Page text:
The NFL’s Greatest Day (McFarland, 2019)
Brad Schultz
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Few lists of greatest NFL plays are complete without a mention of the ‘Immaculate Reception’, the Franco Harris touchdown catch that gave the Pittsburgh Steelers a last second home playoff victory over the Oakland Raiders. Trailing 7-6 with 22 seconds left in the 1972 Divisional round, Steelers QB Terry Bradshaw made a desperate throw to running back Frenchy Fuqua that deflected off Raiders safety Jack Tatum and wound up in the hands of Harris.

Less discussed is the other playoff game that day, December 23, 1972, between the Dallas Cowboys and the San Francisco 49ers. Down 28-13 at the end of the third quarter in San Francisco, the Cowboys replaced starting QB Craig Morton with Roger Staubach and scored 17 unanswered points in the fourth quarter to win. An onside kick recovery and a touchdown with 52 seconds remaining ensured a second incredible finish in one afternoon.

It was, argues Brad Schultz, the greatest day in NFL history. He explains the background to both games, details how the games themselves unfolded and looks at the aftermath. Ironically, after such remarkable comebacks, both teams lost in their respective championship games.

It’s strange how little has been written about the Cowboys-49ers game. The only significant account I could find was in Jeff Meyers’ Great Teams, Great Years: Dallas Cowboys. As Schultz says, it’s been overshadowed by the game played earlier that day, which has been covered at length.

You could probably assemble a book about the Immaculate Reception purely by anthologising everything that’s been written about it. Kevin Cook’s The Last Headbangers has a chapter on it, as do Gary Pomerantz’s Their Life’s Work and Peter Richmond’s Badasses. You’ll also find it covered in Michael MacCambridge’s Chuck Noll and Bryan Burwell’s Madden, among others.

Nevertheless, Schultz does find some new ground to cover. Anyone who’s read about the 1970s Steelers knows about Franco’s Italian Army but while recounting that story Schultz has a section on Frank Sinatra visiting the Steelers in practice, which I hadn’t heard. He also has a good chapter on Jim Baker who has the ball with which Harris scored. At least, he probably does. It’s impossible to verify.

The NFL’s Greatest Day is at its best when Schultz zooms-in on these details. The chapter on Preston Riley, the 49ers receiver who couldn’t hold the onside kick, allowing the Cowboys to recover it for their winning drive. He never stopped blaming himself.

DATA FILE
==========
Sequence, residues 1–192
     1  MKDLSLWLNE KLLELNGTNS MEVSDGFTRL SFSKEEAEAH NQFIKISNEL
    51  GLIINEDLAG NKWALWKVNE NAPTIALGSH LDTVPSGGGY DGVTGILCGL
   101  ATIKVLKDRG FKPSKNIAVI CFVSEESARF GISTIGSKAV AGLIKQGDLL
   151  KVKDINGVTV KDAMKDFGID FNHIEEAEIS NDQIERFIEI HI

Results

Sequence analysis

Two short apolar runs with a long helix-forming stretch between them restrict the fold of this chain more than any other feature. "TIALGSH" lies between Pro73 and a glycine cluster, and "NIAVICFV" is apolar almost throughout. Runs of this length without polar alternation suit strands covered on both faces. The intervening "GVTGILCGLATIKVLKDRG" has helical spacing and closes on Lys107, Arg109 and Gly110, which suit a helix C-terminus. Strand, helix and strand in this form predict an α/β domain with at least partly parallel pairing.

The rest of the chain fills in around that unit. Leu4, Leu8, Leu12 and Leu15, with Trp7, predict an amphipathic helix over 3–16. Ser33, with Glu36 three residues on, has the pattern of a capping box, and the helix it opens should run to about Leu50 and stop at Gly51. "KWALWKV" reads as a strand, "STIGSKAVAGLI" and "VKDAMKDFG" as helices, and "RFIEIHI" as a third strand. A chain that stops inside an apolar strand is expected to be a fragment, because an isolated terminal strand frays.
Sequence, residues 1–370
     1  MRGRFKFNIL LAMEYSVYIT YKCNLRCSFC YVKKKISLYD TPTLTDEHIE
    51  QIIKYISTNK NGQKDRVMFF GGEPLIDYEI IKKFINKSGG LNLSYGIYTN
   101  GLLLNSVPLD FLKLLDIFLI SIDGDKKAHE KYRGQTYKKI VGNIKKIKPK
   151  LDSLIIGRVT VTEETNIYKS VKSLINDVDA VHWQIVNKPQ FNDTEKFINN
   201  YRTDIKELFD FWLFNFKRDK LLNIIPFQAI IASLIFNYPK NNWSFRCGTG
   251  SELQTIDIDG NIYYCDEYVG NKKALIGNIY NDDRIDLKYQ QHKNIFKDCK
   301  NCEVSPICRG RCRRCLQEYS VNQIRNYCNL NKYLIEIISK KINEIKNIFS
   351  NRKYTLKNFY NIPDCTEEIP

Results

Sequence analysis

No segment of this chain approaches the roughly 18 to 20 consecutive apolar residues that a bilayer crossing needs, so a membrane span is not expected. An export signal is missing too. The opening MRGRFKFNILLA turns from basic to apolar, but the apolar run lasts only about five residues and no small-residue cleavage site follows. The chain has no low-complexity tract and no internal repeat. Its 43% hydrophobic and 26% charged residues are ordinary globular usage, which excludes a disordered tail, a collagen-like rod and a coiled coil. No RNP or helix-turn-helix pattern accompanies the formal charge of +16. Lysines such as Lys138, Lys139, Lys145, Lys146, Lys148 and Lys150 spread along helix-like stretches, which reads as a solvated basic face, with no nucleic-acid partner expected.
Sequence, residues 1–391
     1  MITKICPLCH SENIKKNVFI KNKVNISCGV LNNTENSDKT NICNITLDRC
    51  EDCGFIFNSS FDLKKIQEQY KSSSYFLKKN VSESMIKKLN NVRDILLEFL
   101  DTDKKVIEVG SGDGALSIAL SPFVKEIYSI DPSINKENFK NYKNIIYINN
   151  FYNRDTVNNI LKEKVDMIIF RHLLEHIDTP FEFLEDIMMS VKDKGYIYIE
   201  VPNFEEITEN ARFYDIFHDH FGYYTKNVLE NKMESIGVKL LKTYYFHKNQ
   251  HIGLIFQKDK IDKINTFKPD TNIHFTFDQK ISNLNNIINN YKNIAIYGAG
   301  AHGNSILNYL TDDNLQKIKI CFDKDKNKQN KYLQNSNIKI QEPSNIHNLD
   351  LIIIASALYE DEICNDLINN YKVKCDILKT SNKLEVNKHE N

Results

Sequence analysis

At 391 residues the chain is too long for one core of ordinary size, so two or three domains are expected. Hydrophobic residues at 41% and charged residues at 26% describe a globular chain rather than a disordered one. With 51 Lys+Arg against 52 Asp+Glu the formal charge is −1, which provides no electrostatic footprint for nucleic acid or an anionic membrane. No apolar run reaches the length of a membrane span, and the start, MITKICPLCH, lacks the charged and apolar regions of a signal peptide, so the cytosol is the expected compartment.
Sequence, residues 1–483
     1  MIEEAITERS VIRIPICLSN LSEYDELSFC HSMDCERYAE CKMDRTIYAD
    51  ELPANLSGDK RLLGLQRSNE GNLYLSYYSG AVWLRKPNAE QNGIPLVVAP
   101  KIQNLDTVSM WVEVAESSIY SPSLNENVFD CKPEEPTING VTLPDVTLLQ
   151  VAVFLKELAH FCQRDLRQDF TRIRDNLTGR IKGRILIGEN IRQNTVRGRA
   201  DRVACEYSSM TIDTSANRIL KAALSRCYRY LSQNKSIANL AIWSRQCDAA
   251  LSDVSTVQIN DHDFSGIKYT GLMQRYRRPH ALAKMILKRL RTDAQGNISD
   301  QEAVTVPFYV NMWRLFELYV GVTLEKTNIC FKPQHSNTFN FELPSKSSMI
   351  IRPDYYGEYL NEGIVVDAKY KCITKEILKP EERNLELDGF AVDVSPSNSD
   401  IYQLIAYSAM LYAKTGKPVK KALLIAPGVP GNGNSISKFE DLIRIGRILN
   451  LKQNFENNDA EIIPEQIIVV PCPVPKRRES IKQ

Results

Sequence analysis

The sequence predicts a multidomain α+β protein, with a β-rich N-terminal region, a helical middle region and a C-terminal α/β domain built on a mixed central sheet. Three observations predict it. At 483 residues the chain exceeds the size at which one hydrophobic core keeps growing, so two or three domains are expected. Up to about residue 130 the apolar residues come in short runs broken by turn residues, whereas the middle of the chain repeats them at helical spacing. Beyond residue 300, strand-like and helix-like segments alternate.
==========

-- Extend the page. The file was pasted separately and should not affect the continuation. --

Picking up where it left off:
Where it’s less successful is when Schultz is providing background that is better read elsewhere, such as the chapter on the Steelers under Art Rooney senior, which races from the 1930s up to the 1972 season. Other chapters wander unnecessarily into the future. The one on the Cowboys-49ers rivalry, for example, covers games the teams played in the 1990s.

This would be fine in a longer book but The NFL’s Greatest Day is just 164 pages, so these digressions leave it feeling overly broad. The Raiders-Steelers game itself is covered in just 16 pages, most of which is devoted to the Immaculate Reception and the question of whether the ball bounced off Fuqua or Tatum. If it was the former then the rules at the time would have ruled out the touchdown because two players of the same team were not allowed to consecutively touch a forward pass.

That whole section is worth reading; to this day the only person who knows for sure who touched the ball is Fuqua and he’s not saying. But it would have been interesting to read more depth on the game itself. The first half is dismissed as “a parade of incompletions, defensive stops and punts” and covered in barely a page. A book focused solely on two games should discuss them in more detail.

Fans of the teams involved in the games will find this a quick, informative read that may fill in some gaps in their knowledge. Those with a particular interest in the NFL of the 1970s should also take a look.

Photo: Arvind Grover

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